The use of transcranial magnetic stimulation (TMS) in autism was born from research ideas generated in my laboratory. As this was a technique not commonly used in our laboratory I tried to convince other groups about its potential usefulness. I traveled, gave lectures, and met with several individuals for this purpose, all without much success. In the end, I decided to do the trial on my own. Unfortunately, I had to wait in order to buy the equipment and acquire the necessary personnel to perform the trial. In all it took several agonizing years before the first trial was performed. Fortunately we had the first article on the subject published in the medical literature and several more have followed along with a good number of book chapters. Results have been positive but not extraordinary.Personally I have really enjoyed this line of research as it is a way of making a difference in patients lives with little in terms of side effects.
In previous posts I have mentioned our findings of abnormal minicolumns in the brains of autistic individuals. The minicolumn is an elemental modular unit of the cortex serving as an architectonic template according to which are arranged representative cellular elements as well as their connections. A chain of excitatory neurons (called pyramidal cells) with their projections (axonal and dendritic bundles) constitutes its core, extending radially through the layers of the cerebral cortex. Around the periphery of this core is neuropil (a cell-body sparse region) containing synaptic elements integrating translaminar connections among different levels of the minicolumn. The peripheral neuropil also contains inhibitory interneurons (prominently radially-oriented GABAergic double-bouquet cells) providing a “sheath” of inhibitory activity.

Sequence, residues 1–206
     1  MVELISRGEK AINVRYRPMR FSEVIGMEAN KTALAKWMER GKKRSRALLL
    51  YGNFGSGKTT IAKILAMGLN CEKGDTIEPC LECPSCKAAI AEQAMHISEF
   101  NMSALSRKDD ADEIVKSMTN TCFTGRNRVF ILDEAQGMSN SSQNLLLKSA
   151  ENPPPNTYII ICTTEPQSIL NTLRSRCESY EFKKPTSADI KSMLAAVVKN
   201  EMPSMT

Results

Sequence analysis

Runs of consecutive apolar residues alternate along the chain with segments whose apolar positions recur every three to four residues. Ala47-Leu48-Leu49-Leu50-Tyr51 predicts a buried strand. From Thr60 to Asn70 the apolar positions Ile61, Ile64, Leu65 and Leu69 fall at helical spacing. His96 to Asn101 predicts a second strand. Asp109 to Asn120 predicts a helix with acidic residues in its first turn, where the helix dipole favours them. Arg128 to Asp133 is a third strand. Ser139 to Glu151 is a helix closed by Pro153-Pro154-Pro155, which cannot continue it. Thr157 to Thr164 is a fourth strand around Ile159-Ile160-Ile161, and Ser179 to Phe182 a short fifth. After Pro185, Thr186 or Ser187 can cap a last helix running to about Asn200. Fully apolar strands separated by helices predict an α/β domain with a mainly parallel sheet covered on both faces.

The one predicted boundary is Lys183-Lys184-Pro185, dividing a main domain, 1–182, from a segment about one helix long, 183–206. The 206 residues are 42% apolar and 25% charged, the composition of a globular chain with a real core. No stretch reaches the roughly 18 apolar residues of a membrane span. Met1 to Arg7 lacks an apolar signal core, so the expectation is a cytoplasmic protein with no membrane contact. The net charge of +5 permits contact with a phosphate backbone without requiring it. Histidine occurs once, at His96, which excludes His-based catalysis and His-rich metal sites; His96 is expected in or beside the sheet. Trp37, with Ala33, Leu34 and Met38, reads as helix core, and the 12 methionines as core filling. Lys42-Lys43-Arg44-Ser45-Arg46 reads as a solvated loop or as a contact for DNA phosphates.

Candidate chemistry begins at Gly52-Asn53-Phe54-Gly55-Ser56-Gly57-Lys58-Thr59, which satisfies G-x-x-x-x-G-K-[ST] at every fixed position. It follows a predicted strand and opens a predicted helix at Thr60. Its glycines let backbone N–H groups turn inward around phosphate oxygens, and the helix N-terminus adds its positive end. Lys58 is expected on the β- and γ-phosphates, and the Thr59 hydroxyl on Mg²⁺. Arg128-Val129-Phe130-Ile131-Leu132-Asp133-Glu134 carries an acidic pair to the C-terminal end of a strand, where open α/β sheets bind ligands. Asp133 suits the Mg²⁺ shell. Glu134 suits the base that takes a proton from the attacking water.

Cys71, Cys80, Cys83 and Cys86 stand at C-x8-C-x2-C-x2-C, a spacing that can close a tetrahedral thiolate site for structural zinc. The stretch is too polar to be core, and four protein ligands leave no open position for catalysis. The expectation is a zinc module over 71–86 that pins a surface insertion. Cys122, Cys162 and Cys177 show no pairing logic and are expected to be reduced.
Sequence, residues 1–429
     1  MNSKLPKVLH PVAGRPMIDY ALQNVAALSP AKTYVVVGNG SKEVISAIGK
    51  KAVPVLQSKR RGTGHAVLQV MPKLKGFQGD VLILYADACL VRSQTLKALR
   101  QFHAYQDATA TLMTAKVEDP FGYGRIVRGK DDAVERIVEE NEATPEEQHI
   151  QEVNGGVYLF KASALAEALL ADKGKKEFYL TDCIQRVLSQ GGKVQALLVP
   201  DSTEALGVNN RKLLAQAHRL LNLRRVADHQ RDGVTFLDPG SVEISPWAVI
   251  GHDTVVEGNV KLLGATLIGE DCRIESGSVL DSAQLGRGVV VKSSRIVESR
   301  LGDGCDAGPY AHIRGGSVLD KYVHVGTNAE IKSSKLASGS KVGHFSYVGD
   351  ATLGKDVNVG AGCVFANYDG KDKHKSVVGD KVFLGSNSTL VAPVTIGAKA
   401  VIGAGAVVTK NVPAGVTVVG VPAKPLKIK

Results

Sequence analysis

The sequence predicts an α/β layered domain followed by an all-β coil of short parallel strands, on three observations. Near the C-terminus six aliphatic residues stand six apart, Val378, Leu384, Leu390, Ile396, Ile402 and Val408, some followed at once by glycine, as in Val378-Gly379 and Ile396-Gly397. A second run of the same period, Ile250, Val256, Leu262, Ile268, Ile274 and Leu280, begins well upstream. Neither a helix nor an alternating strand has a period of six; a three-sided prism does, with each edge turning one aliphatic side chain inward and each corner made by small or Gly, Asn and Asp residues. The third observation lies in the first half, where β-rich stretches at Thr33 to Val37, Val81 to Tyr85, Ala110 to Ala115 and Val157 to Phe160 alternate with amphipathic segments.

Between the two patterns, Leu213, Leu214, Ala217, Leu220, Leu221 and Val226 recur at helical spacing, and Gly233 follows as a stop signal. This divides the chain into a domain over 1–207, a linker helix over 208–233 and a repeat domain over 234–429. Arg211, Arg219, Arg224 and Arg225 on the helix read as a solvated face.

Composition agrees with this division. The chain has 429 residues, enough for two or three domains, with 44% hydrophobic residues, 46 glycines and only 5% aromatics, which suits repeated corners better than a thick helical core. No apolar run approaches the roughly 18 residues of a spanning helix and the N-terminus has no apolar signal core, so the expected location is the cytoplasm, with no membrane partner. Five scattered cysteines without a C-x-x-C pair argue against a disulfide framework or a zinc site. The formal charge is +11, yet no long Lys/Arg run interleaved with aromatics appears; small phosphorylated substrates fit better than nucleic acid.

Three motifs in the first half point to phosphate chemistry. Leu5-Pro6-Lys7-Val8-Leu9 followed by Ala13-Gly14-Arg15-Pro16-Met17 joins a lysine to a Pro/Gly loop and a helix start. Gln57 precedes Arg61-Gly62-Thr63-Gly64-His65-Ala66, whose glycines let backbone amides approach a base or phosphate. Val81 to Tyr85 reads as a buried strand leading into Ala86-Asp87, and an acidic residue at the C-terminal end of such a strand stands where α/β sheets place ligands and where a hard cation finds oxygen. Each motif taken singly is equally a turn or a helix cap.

The first panel recreates the position within a minicolumn of cells and their projections, The second panel is meant to illustrate the compartmentalization of the minicolumn: the core comprised of excitatory cells and the peripheral neuropil…
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